Why are tech companies making custom typefaces

Original URL: https://www.arun.is/blog/custom-typefaces/

The key economic argument for custom typefaces is licensing fees. Especially when one has to go global and have fonts for non-Latin scripts.

However, the author argues that there's more than just licensing and branding. Author claims that fonts have a functions and purpose, like furniture, using the following quote:

It is important to understand that a typeface is not a piece of art. it has a purpose, like a chair or an engine have. accordingly, before even putting pencil to paper, it is important to understand the requirements of what the typeface is trying to achieve. only once these requirements are known should actual design commence.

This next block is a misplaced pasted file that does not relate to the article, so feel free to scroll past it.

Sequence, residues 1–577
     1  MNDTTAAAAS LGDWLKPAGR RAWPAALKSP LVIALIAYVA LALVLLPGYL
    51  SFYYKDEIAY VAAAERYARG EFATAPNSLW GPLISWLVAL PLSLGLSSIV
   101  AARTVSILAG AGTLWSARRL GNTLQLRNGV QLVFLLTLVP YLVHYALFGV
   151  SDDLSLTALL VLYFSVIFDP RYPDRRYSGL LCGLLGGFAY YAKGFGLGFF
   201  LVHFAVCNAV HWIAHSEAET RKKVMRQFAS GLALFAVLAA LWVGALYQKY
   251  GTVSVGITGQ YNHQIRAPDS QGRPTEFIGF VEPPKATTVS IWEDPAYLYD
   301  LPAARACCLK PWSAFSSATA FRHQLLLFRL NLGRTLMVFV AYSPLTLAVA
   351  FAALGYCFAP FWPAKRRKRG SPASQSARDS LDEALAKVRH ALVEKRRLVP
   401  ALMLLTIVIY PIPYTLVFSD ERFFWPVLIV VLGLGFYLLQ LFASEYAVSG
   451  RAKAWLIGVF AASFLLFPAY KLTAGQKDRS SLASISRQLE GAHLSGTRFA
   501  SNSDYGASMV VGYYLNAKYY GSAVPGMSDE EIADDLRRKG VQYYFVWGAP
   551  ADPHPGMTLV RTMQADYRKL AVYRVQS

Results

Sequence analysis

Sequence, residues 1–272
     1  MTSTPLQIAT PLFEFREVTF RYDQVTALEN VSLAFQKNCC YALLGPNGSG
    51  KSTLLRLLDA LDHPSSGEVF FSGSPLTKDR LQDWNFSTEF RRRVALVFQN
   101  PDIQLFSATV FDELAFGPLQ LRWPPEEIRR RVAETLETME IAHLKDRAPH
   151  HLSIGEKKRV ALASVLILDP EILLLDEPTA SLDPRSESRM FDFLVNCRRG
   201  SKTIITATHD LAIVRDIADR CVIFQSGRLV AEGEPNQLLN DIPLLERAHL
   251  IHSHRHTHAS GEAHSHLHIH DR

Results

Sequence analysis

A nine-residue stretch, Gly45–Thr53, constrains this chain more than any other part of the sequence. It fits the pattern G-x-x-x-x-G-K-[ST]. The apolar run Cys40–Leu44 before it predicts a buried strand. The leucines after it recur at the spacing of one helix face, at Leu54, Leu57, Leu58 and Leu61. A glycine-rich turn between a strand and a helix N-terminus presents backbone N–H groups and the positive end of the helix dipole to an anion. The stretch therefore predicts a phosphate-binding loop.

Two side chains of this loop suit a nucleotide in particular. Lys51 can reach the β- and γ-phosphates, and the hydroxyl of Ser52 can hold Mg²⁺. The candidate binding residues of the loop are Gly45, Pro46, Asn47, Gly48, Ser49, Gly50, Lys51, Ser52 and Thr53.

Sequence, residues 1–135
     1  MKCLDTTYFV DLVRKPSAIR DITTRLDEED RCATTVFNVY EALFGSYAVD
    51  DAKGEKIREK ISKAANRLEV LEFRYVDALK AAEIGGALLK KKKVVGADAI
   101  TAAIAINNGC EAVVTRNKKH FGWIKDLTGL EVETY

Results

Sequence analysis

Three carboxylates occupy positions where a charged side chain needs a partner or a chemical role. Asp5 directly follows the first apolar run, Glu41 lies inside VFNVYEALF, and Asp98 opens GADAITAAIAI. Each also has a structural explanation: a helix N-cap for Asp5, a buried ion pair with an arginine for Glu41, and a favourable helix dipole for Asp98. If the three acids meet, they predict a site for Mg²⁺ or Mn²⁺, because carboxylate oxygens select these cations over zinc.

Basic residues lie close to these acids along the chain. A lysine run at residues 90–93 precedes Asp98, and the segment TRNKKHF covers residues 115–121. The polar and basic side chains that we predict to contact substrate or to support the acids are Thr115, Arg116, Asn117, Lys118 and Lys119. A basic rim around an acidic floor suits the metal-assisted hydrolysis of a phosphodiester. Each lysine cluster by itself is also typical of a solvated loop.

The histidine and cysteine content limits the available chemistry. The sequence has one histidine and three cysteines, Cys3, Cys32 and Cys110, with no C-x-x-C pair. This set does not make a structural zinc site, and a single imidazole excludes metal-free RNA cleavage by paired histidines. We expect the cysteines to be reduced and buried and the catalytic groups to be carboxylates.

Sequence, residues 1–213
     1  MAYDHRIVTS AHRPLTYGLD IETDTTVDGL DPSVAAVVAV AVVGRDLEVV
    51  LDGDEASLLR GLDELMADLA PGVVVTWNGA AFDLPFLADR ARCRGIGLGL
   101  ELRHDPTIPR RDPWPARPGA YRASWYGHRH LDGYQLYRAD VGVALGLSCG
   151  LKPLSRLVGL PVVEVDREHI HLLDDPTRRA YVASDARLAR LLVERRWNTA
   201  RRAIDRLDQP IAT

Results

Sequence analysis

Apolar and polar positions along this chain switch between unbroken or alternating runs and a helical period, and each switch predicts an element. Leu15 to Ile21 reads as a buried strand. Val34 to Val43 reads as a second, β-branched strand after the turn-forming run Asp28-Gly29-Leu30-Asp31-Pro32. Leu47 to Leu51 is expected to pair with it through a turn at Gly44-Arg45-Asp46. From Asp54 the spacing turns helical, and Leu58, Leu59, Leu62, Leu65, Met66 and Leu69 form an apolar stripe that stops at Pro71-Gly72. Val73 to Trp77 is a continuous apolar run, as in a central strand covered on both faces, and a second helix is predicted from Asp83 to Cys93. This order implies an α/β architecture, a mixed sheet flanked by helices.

-- Bruno Maag

However, I don't see what the "functional purpose" of a typeface is, apart from some hints from the author, like being 'instantly recognizable' and the likes.

Tracing the argument further to Bruno Maag's interview:

designing a new typeface gives the client complete control over the look and feel, and probably more importantly, how this look and feel is translated across the diverse range of media we are operating in today.

a large part of development time is taken up by technical activities such as font engineering and hinting. this makes sure that the fonts work in a broad range of environments, across both printed and and digital applications.

by just reducing the character widths a few percent – without affecting legibility – it is possible to save paper, ink, print times etc.